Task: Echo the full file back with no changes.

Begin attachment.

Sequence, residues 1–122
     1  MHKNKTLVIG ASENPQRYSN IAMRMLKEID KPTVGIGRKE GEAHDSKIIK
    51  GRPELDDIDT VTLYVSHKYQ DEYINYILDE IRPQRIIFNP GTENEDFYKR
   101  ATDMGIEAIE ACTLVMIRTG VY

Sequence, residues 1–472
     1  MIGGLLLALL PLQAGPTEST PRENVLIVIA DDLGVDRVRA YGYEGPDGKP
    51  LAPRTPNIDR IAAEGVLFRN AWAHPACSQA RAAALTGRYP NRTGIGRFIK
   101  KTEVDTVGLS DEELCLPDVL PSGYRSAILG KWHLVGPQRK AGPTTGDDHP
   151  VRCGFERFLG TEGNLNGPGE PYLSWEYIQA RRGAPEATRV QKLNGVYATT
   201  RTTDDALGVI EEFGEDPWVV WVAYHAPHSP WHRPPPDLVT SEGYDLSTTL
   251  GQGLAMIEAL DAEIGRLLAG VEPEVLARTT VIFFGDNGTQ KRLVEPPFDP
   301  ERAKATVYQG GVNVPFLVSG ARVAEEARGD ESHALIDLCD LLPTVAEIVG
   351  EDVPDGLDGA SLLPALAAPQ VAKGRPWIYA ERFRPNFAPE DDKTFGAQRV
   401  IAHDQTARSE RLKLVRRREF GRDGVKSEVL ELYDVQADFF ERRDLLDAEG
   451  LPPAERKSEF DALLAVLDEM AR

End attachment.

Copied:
Sequence, residues 1–122
     1  MHKNKTLVIG ASENPQRYSN IAMRMLKEID KPTVGIGRKE GEAHDSKIIK
    51  GRPELDDIDT VTLYVSHKYQ DEYINYILDE IRPQRIIFNP GTENEDFYKR
   101  ATDMGIEAIE ACTLVMIRTG VY

Sequence, residues 1–472
     1  MIGGLLLALL PLQAGPTEST PRENVLIVIA DDLGVDRVRA YGYEGPDGKP
    51  LAPRTPNIDR IAAEGVLFRN AWAHPACSQA RAAALTGRYP NRTGIGRFIK
   101  KTEVDTVGLS DEELCLPDVL PSGYRSAILG KWHLVGPQRK AGPTTGDDHP
   151  VRCGFERFLG TEGNLNGPGE PYLSWEYIQA RRGAPEATRV QKLNGVYATT
   201  RTTDDALGVI EEFGEDPWVV WVAYHAPHSP WHRPPPDLVT SEGYDLSTTL
   251  GQGLAMIEAL DAEIGRLLAG VEPEVLARTT VIFFGDNGTQ KRLVEPPFDP
   301  ERAKATVYQG GVNVPFLVSG ARVAEEARGD ESHALIDLCD LLPTVAEIVG
   351  EDVPDGLDGA SLLPALAAPQ VAKGRPWIYA ERFRPNFAPE DDKTFGAQRV
   401  IAHDQTARSE RLKLVRRREF GRDGVKSEVL ELYDVQADFF ERRDLLDAEG
   451  LPPAERKSEF DALLAVLDEM AR